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Kashmiri Youth Empowering Local Businesses

Moved by the challenges faced by local businesses in Kashmir to establish their reputation for providing exceptional products, Mir Shariq sprang into action and established BizLaw. Shariq provides invaluable assistance to local businesses in acquiring trademarks.
Conversations with Kashmiri traders usually follow a pattern. They talk about their dwindling businesses and then reminisce about the 'good old days'.
Most of the traders talk about how Kashmir's famous pashmina shawls, silk carpets, walnuts and apricots found their way to global markets because of their quality and authenticity, despite the lack of communication technology.
Almost all of them have anecdotes of customers from across the world - Europe, the United Kingdom, the Gulf, and Russia. While some people possess photographs of themselves with foreigners, others showcase their customers posing alongside their exquisite shawls, carpets, and furniture made of the finest walnut wood.

Most conversations end on a sour note, and one concern that comes up persistently during conversations with Kashmiri traders, especially those dealing in handicrafts, saffron, dry fruits, or spices, is of "fake products."
The problem, however, is not limited to "fakes" alone, as discovered by Mir Shariq, a 30-year-old Kashmiri youth and the owner of a Kashmiri start-up that helps businesses operate.
Shariq founded BizLaw in 2018 after identifying the need to address the inability of local Kashmiri businesses to create brands or brand names despite possessing top-quality products.
According to Shariq, Kashmir has not been able to produce a single global brand for any of its top products. Not only have Kashmiri businesses lagged in capitalizing on their brands in the past, but a more serious issue also threatens their future, as Shariq found out during his research.
The reason behind this is non-local businesses allegedly using the brand name of Kashmir to sell products that may not necessarily be from the region.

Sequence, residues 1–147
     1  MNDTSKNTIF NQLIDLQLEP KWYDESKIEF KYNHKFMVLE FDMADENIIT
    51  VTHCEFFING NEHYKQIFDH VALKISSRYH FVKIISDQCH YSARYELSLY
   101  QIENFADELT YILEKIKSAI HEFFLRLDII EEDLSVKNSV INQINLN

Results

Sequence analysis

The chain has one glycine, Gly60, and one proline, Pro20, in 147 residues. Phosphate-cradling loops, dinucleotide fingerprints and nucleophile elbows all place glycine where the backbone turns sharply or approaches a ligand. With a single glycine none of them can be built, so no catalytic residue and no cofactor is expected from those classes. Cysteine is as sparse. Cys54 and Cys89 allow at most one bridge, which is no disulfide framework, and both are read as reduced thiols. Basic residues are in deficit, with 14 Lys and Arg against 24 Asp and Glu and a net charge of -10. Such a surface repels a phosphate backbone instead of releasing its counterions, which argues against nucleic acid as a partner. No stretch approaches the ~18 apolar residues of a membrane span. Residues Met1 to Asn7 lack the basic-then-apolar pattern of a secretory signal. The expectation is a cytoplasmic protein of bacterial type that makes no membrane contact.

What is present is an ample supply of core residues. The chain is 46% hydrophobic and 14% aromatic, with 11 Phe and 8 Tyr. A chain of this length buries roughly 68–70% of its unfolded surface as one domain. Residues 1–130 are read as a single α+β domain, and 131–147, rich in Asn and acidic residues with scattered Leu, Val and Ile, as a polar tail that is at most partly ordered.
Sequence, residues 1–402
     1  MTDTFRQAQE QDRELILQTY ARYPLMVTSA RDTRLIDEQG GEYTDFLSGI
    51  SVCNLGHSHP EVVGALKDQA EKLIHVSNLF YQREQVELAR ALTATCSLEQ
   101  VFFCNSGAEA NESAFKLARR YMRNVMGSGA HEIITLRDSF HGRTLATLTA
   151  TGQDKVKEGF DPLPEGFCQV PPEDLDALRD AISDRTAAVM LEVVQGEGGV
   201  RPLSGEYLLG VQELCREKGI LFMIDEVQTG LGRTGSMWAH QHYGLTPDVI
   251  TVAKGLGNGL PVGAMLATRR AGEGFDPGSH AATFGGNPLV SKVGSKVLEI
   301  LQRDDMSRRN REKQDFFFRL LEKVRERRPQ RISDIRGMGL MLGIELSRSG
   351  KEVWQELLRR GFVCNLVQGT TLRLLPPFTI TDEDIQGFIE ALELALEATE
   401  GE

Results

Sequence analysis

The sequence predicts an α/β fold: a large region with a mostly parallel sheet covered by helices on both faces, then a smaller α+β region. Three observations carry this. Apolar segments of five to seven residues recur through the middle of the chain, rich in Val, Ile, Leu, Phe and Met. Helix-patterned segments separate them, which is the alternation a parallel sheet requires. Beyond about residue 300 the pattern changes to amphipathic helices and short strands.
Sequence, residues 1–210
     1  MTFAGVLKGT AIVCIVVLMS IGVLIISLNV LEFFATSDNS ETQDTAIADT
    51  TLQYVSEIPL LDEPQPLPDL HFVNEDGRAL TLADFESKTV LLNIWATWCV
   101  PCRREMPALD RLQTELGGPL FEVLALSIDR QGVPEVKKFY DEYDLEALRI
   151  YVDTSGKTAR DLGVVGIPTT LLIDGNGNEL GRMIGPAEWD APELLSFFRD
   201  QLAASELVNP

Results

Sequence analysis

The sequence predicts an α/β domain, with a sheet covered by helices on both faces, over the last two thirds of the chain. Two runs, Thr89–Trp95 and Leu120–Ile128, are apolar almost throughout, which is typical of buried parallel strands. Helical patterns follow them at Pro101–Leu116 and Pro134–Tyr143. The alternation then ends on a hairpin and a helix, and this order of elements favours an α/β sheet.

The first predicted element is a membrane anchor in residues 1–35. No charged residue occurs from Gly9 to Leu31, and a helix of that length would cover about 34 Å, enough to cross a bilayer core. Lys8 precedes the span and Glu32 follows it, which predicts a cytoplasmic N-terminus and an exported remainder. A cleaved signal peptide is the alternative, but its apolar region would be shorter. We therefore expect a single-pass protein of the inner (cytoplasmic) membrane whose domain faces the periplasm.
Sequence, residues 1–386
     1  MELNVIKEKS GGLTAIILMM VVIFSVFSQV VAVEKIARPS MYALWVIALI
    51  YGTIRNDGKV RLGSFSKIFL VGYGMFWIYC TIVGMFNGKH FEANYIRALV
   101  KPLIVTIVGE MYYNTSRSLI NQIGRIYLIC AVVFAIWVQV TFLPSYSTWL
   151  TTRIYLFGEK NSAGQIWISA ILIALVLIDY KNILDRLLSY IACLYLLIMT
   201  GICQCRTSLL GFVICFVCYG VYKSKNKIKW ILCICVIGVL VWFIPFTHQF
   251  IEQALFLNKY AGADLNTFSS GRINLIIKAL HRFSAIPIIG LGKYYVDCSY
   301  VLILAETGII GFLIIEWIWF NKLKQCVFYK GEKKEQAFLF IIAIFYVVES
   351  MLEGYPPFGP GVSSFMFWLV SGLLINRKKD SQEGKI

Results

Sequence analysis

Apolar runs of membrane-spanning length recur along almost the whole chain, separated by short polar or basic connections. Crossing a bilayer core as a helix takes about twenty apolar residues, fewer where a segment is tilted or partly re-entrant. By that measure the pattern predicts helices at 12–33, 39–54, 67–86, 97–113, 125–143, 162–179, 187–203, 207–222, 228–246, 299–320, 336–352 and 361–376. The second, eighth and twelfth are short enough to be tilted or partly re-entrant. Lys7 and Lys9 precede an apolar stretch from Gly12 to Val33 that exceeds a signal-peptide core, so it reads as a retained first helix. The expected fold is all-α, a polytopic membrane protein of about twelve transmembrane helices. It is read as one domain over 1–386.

To address this, the administration in the Kashmir region is assigning geographical indication (GI) tags to various products manufactured or produced in the area. A GI tag is assigned to products that have a specific geographical origin, thereby helping customers identify authentic products. This process helps distinguish Kashmiri products by highlighting their unique qualities.
However, Shariq believes that a more fundamental mechanism that could have significantly assisted Kashmiri businesses and their products is registering and trademarking their businesses.
His organization specializes in helping businesses register their trademarks with the Federal government of India, and so far, he has assisted nearly 300 businesses in the region.
But his efforts to raise awareness about trademarks in Kashmir are far from achieving what the 30-year-old plans.
Research conducted by Shariq and his team shows that out of more than 800 businesses that have "Kashmir" in their names (as a suffix or prefix), over 90% are non-Kashmir based establishments.
As a result, small and medium-sized businesses in the handicraft, agriculture, and horticulture sectors have almost zero presence globally, while large businesses in India and abroad that resell goods from the region have become the face of famous Kashmiri products.
"There is, of course, nothing illegal about it, but the issue is that local businesses who have not created their brands are suffering in the modern digital era. A simple Google search for the best Kashmir saffron produces results of places that are not from Kashmir. Of course, they might be selling genuine saffron from Kashmir, but one fact that is undeniable is that no Kashmir company is in the top searches," Shariq told Sputnik at his Srinagar office.
For instance, companies based in south and northeast India in the business of incense and flowers have "Kashmir" in their names, but their products have nothing to do with the region. "Ideally, a brand name like Kashmiri flowers should be registered by a Kashmir-based business, but it isn't," Shariq added.
The lack of awareness about trademarking is staggering. One of Shariq's clients is someone who had managed to create a name for his saffron. The name of his shop became popular, and in no time, 16 other individuals from Kashmir used the same name. It was only after Shariq's efforts that the client will likely earn the trademark.
Shariq identified the need to establish a one-stop shop for advertising, marketing, and registering businesses and founded a company almost a decade ago called Media Mail.
While the younger generation understands the need for media marketing, branding, and advertising, the older business class remains both unaware and ill-equipped to deal with the modern market changes.
As Shabir Ahmed, a Pashmina seller based in Srinagar, mentioned, "Our word meant something. Our work spoke for itself. We are just trying to survive now. The distributors, fashion designers, and outside businesses are the real winners."
These are words that Shariq cannot reconcile with. For Shariq, his start-up is not only providing services to open businesses, but it is also about the survival of identity.
Mir Mushtaq Ahmed, a 58-year-old artist in Jammu and Kashmir’s summer capital city Srinagar, was diagnosed with the last stage throat cancer five years ago. 
 - Sputnik India, 1920, 28.09.2023
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